Here's our summary of key economic events overnight that affect New Zealand, with news of a big win for banks in Australia.
But first in the US, their August durable goods orders were weak. They came in -6.3% lower than the same month in 2019 and well below analysts expectations. In fact, business investment in capital goods were down almost -11%. These are big retreats from the boardroom. Perhaps the only positive is that they are inching up monthly and have done so for four straight months now.
But weak factory orders haven't stopped investors piling back in to equities today - and even in the face of clear signs of a new global surge of pandemic infections and deaths.
Across the border, Canada has reported a four month government deficit of -C$149 bln compared to less than -C$2 bln in the same period in 2019.
Across the Pacific, China’s US$1 tln sovereign wealth fund posted a +17% gain on its overseas investments in 2019. That reverses a small loss in 2018 and is a similar gain it posted in 2017. Much of the gain was from investments in the US which is still where most of its investments are. Norway also has a huge sovereign wealth fund and in 2019 it earned +20% in 2019 - but recorded a -3.4% loss in the first half of 2020. In 2019 the NZ Super Fund reported a +21% return, but has also struggled in 2020.
In Singapore, they reported a very strong rise in industrial production for August, up almost +14% from the same month in 2019 when the expected gain was less than +5%. It is a positive surprise built on gains from their electronics industry.
In South Korea, consumer confidence is falling again and that is from a low base to start with. It is a worrying sign for them.
In Australia, there is a widespread expectation that their Federal Government will roll back their responsible lending rules next week. These are rules imposed after the Hayne Inquiry into financial system behaviour. Banks have claimed they effectively stifle lending. Consumer groups claim the lending they stifle is irresponsible lending. If the rollback happens, it will render the Hayne Report moot. Bank shares surged in trading yesterday, with the CBA up +3.0%, NAB up +6.9%, Westpac up +7.4% and ANZ up +6.3%. The Aussie banks have had a major lobbying 'win' here.
In New York, the S&P500 is up a strong +1.6% in early afternoon trade to limit the losses for the week. The S&P500 capitalisation is set to lose
loose -$175 bln for the week (-0.6%) even with today's bounce. They follow European markets that were generally mixed. Yesterday Shanghai ended its session down -0.1% on the day for a weekly loss of -3.6%. Hong Kong was down -0.3% on the day capping a full -5.0% weekly loss. Tokyo was up +0.5% on the day for a modest -0.7% weekly dip. The ASX200 ended up a strong +1.5% yesterday on enthusiastic buying of bank stocks and that caps a +1.7% gain for the week. The NZX50 Capital Index posted a Friday gain of +0.9% and a weekly rise of +1.3%.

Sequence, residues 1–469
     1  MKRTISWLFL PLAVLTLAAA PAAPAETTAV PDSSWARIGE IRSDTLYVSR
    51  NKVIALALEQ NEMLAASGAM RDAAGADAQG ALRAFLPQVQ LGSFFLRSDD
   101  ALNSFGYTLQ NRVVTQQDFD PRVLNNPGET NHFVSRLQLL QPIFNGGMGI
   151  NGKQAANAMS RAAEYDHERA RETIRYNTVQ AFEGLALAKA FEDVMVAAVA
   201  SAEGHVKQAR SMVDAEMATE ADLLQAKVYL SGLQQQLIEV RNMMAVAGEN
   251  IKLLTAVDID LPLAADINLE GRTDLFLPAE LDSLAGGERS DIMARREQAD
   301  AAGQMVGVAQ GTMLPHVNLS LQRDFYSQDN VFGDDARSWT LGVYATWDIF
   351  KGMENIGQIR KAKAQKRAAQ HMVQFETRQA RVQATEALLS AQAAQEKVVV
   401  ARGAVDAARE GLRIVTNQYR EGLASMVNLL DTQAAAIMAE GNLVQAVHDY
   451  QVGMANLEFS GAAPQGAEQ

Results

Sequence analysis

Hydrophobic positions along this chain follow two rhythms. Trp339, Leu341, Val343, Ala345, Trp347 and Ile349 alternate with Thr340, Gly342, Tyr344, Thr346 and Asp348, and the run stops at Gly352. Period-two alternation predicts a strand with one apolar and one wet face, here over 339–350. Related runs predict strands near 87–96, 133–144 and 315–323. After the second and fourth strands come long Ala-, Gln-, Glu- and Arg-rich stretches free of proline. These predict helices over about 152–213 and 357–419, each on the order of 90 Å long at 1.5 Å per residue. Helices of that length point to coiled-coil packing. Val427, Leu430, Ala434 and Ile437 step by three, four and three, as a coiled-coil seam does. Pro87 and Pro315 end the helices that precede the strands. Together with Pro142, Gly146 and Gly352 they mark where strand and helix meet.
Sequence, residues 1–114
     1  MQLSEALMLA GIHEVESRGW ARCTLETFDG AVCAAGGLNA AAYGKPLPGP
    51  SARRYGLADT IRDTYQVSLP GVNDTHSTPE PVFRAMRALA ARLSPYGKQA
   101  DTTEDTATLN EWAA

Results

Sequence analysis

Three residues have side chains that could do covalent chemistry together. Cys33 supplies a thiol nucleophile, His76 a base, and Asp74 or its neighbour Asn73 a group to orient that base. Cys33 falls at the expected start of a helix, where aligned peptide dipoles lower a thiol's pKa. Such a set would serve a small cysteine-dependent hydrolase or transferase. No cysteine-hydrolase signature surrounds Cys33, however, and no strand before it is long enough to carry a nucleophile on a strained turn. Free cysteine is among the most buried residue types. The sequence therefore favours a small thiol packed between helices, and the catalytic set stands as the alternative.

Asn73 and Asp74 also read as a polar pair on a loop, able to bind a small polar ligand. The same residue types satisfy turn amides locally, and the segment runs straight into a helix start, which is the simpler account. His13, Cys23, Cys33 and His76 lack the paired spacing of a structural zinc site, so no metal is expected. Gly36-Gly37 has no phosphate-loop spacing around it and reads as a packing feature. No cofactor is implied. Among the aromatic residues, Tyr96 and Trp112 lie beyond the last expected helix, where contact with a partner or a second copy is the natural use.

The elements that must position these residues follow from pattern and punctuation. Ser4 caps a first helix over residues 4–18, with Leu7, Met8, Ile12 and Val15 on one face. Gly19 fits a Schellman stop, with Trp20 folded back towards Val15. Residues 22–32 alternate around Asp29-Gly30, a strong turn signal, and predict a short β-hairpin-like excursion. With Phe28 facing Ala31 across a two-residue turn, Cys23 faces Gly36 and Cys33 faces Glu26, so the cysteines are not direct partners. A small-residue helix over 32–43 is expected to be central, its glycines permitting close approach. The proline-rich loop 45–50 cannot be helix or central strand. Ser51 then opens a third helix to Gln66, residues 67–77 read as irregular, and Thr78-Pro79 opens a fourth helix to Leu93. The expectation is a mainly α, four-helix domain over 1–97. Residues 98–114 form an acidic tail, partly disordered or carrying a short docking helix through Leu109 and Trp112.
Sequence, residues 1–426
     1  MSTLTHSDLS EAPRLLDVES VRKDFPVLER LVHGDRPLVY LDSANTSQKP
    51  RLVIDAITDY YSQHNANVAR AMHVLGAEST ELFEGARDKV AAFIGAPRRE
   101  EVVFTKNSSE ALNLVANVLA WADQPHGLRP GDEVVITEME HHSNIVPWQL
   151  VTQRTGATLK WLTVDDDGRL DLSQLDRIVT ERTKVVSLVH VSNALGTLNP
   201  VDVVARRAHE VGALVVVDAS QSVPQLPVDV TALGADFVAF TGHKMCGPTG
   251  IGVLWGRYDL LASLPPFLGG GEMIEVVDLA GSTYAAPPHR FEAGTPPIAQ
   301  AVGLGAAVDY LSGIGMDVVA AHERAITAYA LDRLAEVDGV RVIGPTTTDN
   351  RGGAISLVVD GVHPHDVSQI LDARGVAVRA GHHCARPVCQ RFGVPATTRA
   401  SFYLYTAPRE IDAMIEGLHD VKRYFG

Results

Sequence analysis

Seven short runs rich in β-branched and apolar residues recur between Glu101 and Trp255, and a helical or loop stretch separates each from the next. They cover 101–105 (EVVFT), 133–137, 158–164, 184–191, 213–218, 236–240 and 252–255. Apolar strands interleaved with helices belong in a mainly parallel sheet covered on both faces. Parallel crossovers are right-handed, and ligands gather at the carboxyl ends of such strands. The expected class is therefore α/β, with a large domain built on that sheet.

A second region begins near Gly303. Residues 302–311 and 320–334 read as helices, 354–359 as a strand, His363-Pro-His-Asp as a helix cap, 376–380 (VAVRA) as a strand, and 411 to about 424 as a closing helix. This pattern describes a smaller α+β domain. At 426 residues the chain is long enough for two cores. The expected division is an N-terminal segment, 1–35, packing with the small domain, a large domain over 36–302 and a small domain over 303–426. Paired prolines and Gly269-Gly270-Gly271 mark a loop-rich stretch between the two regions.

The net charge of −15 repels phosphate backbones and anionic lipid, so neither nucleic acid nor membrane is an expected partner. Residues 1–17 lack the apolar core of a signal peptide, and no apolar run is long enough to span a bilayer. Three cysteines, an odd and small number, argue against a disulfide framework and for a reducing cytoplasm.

The latest global compilation of COVID-19 data is here. The global tally is 32,365,000 and up +372,000 in one day. That is a new record high for one day and there are clear signs the pandemic spread is accelerating again. Brazil and Russia are the key countries providing the most impetus, but European nations are as well. New infection levels are exploding in the UK, France and Spain especially. Sweden is tracking up again too. Germany and Italy have avoided the latest surge so far. Global deaths reported now exceed 985,000 (+7000) but clearly many are going unreported.
Just under a quarter of all reported cases globally are in the US, which is up +48,000 overnight to 7,207,000 and there is a resurgence there too. The number of active cases are stable at 2,539,000 so they have as many new cases as recoveries and making no progress. Their death total is now just over 208,000 and back rising at +1000 per day. It seems destined to track higher soon.
In Australia, there have now been exactly 27,000 COVID-19 cases reported, and that is only +17 more cases from yesterday. Australia, and even Victoria, seem to be managing their community outbreak well now. Deaths are up however at 869 (+8). Their recovery rate is now just over 90%.
The UST 10yr yield is down -1 bp and is ending the week at just on 0.66% and that is a -4 bps decline for the week. Their 2-10 rate curve is unchanged at +53 bps, their 1-5 curve is also unchanged at +15 bps, while their 3m-10 year curve is marginally flatter at just under +58 bps. The Australian Govt 10 year yield is little-changed at 0.85%. The China Govt 10 year yield is up +2 bps at 3.13%. And the New Zealand Govt 10 year yield is marginally firmer at just under 0.47% and off its record low.
The price of gold is ending the week little-changed from yesterday at US$1866/oz. But over the whole week, the yellow metal has dropped -4.3% or a massive -US$85/oz. And silver has fallen an eye-watering -15% in one week.
Oil prices have slipped slightly and are now just over US$40/bbl in the US, while the international price is little-changed at just under US$42/bbl. Despite these low prices, there were a handful of rigs brought back into production in the past week.
The Kiwi dollar starts today at 65.5 USc and minor softness overnight. But against the Australian dollar we are much firmer at 93.2 AUc and almost a +½c rise. Against the euro we are marginally firmer at 56.3 euro cents. That means our TWI-5 has inched up to 69.3.
The bitcoin price is up +0.4% from this time yesterday, and now at US$10,726. The bitcoin rate is charted in the exchange rate set below.
The easiest place to stay up with event risk today is by following our Economic Calendar here ».